Erroneous macroeconomic forecasting and how to correct it

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Gede Sandra People Sovereignty Movement (Pergerakan Kedaulatan Rakyat) Analyst

IO – Macroeconomic forecasting is a core function of the Ministry of Finance (the State Treasury). It deals with any instructions from the Ministry of Finance in various policy spectrums, as a complementary activity adetermination of costs (The Australian Government’s Review of Treasury Macroeconomic and Revenue Forecasting, 2013).

Reliable macroeconomic forecasting can inform us whether our economy is nearing the ending of an expansive phase, or at the start of a recession. Its purpose is to ensure that economic actors can anticipate these latest developments and avoid accompanying reactions (Bernstein and Silbert, 1984).

Amid the current economic recession, blamed on the COVID-19 pandemic, all economic actors strongly need reliable macroeconomic forecasting from their country’s Ministry of Finance. Unfortunately, the Indonesian Ministry of Finance is incapable of forecasting our macroeconomic condition, thus hindering our business actors from anticipating the latest developments and making it harder for our economy to recover from a persistent recession. With such huge damage, I find it quite odd that our Minister of Finance is not part of the Cabinet reshuffle.

Three Incorrect Macroeconomic Predictions

Throughout 2020, our Ministry of Finance has made three erroneous macroeconomic forecasts, each involving economic growth, the GDP, and inflation rates. First error: In April 2020, Minister of Finance Sri Mulyani Indrawati forecasted that Indonesia’s economy will grow at a 4.5-4.7% level in Quarter I of 2020. This forecast sorely missed the mark: Statistics Indonesia (Badan Pusat Statistik – “BPS”) recorded our economic growth for the period at a mere 2.97%.

Second error: In July 2020, the Minister of Finance forecasted our economic growth in Semester I of 2020 to be in a -1.1% to -0.4% range. On the contrary, BPS recorded a growth of -5.32% for the period. Another major miscalculation. 

Third error: In October 2020,  Sri Mulyani predicted that our economic growth in Quarter III of 2020 would be in a -2.9% to -1.1% range. BPS recorded a growth rate of -3.49%.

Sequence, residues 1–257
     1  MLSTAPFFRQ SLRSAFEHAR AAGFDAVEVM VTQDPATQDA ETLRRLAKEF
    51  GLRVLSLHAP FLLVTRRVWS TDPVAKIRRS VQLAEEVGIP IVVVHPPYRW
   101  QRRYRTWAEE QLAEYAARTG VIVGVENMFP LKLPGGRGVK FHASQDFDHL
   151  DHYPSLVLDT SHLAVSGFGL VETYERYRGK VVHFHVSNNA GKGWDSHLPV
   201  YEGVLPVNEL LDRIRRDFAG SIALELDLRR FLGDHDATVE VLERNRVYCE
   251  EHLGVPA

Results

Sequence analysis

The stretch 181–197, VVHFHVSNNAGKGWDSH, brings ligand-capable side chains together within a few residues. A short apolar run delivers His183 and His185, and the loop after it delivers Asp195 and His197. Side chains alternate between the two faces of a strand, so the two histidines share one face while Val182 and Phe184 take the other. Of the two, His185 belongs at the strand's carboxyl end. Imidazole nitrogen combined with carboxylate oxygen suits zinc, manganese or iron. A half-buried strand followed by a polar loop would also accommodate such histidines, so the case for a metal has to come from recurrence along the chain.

The error percentages of the Minister’s economic growth forecast for Quarter I, II, and III of 2020 (calculated from the median point) were 1.63%, 4.57%, and 1.49% respectively. Because the forecasting error is always higher than the reality achieved, it is a positive bias. If the error is lower than the reality, it’s a negative bias. A positive bias shows that Government forecasts tend to be over-optimistic.

Other than when predicting economic growth, the Ministry of Finance has also forecasted inflation erroneously. At the start of the year, the Ministry set the 2020 inflation target at 3.1%, as expressed in the 2020 State Budget. In August 2020, the Minister revised the inflation target for 2020 to 2.5%. Finally, on 1 December 2020, Sri Mulyani revised again her forecast of 2020 inflation to a mere 1.5%. At least her error is not that far off the mark now, with current reports saying that our inflation rate in 2020 was 1.68%.

What to do now?

In order to reduce errors in upcoming macroeconomic forecasts, the Ministry of Finance should review past forecasts and errors and officially publish this document as a means of public accountability. This is the accountability practice common among the Ministries of Finance (Treasuries) of other countries, most specifically among the Commonwealth countries of Australia, New Zealand, and Canada. 

The Review of Treasury Macroeconomic  and Revenue Forecasting (2013) issued by the Australian Ministry of Finance suggests that reliable forecasting includes not only in-depth analyses of major economic sectors, but it also utilizes other information that fine-tunes the econometric models being used for the forecasting.

Such additional information may include: 1) Consumer and business surveys to identify possible directions for household expenses, prieasevate investments, and employment recruitment; 2) information gathered from regular dialogues with the business community about new trends identified; 3) data on housing construction or other types of construction that describes shortterm construction; 4) the opinion of experts in other Government agencies, as well as data on the growth of productive age population and non-rural commodity production estimates; and 5) assessments made based on corporate experience and corporate track record.

And finally, the macroeconomicforecast must undergo internalreview (senior Government economists)and external peer review (experteconomists from outside of the Government).